Hello again, everybody. It's me, Jon, the person who lived in Atlanta during the 1996 and thereby knows a lot more about the Olympics than you do. Perhaps you're unfamiliar with all these crazy Summer Olympic events. Well, I'm here to help. If you missed Part 1, you can find it here. Part 3 will come Thursday.
So! Let's continue to work our way down the 29-sport list of Olympic events:
Field hockey was invented by all of us, collectively, at some point in the 1980s or '90s. We were in the car with our mom, who said she had to stop by our friend's house to talk to her mom for a minute. "A minute" might mean a minute, or it might mean an hour. For this indeterminate amount of time, you and your friend had to figure out something to do.
So we grabbed a couple umbrellas, ripped off the ribs and stretchers, and played hockey with the crook handles. This has been a runaway hit in the Summer Olympics, so the IOC is considering adding the following events in the 2016 Games:
- Trying to ride a bicycle with the wheels sitting on skateboards
- Street luging, via skateboard
- Wearing upside-down sleeping bags and seeing how far you can run without running into something/each other
- Trying to convince your friend's little brother that all the babies from Baby Geniuses are dead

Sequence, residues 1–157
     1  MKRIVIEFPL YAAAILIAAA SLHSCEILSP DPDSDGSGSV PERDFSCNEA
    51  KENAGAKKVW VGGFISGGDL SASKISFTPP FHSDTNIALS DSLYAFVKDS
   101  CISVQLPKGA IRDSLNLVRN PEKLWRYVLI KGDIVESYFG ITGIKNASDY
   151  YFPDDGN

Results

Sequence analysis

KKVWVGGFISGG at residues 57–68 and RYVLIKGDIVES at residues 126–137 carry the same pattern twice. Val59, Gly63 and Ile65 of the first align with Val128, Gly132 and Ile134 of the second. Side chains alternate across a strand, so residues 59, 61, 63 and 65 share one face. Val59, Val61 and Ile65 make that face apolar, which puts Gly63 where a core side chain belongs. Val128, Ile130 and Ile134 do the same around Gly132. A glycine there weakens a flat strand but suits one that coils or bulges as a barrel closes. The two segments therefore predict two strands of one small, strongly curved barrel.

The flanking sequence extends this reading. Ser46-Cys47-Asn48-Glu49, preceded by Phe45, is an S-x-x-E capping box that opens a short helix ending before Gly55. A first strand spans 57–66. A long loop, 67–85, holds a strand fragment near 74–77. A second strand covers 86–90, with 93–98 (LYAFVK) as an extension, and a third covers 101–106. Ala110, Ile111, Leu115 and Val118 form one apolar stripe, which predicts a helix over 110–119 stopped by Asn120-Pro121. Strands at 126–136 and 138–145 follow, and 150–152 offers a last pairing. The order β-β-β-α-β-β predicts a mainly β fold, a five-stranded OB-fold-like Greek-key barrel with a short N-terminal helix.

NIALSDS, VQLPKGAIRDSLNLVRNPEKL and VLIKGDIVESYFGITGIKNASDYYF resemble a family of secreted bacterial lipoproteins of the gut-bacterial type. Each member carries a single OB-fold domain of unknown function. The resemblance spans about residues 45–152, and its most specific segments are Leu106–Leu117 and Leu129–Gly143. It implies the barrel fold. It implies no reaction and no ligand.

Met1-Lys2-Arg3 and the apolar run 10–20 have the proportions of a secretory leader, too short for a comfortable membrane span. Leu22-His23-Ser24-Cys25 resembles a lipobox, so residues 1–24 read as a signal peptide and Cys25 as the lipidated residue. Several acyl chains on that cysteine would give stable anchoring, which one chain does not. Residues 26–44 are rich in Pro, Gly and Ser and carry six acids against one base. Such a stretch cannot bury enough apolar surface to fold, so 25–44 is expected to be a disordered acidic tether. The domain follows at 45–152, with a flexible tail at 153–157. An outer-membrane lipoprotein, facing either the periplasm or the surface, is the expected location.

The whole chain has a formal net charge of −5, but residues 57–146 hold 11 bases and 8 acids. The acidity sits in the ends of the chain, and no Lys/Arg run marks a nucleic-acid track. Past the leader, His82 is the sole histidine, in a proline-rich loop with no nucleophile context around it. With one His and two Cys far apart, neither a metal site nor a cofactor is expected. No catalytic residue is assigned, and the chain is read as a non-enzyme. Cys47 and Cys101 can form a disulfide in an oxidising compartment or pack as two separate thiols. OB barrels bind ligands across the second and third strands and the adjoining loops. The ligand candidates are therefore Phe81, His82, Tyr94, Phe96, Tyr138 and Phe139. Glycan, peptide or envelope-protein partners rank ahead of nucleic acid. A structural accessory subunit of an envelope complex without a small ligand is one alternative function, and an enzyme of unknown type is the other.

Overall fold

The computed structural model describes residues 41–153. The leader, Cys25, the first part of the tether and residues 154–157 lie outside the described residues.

- Half-watching Camp Nowhere
Football at the 2012 Summer OlympicsFrom Wikipedia, the free encyclopedia
Football at the 2012 Summer Olympics is scheduled to be held in London and several other cities in the United Kingdom, from 25 July to 11 August.
The finals will be played at Wembley Stadium.
Associations affiliated with FIFA are invited to
Gymnastics is Latin for "a whole bunch of screwin' around." It is made up of many individual competitions, some of which we'll delve into here:
Opening a lunchbox is not hard. This is the most frustrating part of every Summer Olympics for me. I know the two handles are probably throwing you off, but still! You don't push it or twist it or anything! You pull it!
Gymnasts rarely figure out how to open the lunchbox, which is just as well, as it contains a peanut butter and jelly sandwich, string cheese, two Hydrox cookies, and a tenderly-composed note from Mom written on the napkin. It's got a smiley face, and a heart, and this note about how she's so proud of you and that she packed an extra Hydrox cookie "just for my lil' monster!" In 1996, Dominique Dawes opened the lunchbox and just burst into tears in front of everyone.